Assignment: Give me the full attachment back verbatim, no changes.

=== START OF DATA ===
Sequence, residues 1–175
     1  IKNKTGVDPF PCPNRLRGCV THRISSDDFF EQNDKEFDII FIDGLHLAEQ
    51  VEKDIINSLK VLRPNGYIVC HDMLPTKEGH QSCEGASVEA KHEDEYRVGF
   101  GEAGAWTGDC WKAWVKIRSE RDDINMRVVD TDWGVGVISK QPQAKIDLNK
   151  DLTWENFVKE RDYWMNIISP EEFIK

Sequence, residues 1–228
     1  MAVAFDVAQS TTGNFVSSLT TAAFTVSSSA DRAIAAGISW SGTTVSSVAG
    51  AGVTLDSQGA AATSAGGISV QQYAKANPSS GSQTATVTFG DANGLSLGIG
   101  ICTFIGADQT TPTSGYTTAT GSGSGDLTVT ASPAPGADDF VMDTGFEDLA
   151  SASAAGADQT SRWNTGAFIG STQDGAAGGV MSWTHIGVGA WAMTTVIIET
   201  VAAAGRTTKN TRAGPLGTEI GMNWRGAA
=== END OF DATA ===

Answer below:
Sequence, residues 1–175
     1  IKNKTGVDPF PCPNRLRGCV THRISSDDFF EQNDKEFDII FIDGLHLAEQ
    51  VEKDIINSLK VLRPNGYIVC HDMLPTKEGH QSCEGASVEA KHEDEYRVGF
   101  GEAGAWTGDC WKAWVKIRSE RDDINMRVVD TDWGVGVISK QPQAKIDLNK
   151  DLTWENFVKE RDYWMNIISP EEFIK

Sequence, residues 1–228
     1  MAVAFDVAQS TTGNFVSSLT TAAFTVSSSA DRAIAAGISW SGTTVSSVAG
    51  AGVTLDSQGA AATSAGGISV QQYAKANPSS GSQTATVTFG DANGLSLGIG
   101  ICTFIGADQT TPTSGYTTAT GSGSGDLTVT ASPAPGADDF VMDTGFEDLA
   151  SASAAGADQT SRWNTGAFIG STQDGAAGGV MSWTHIGVGA WAMTTVIIET
   201  VAAAGRTTKN TRAGPLGTEI GMNWRGAA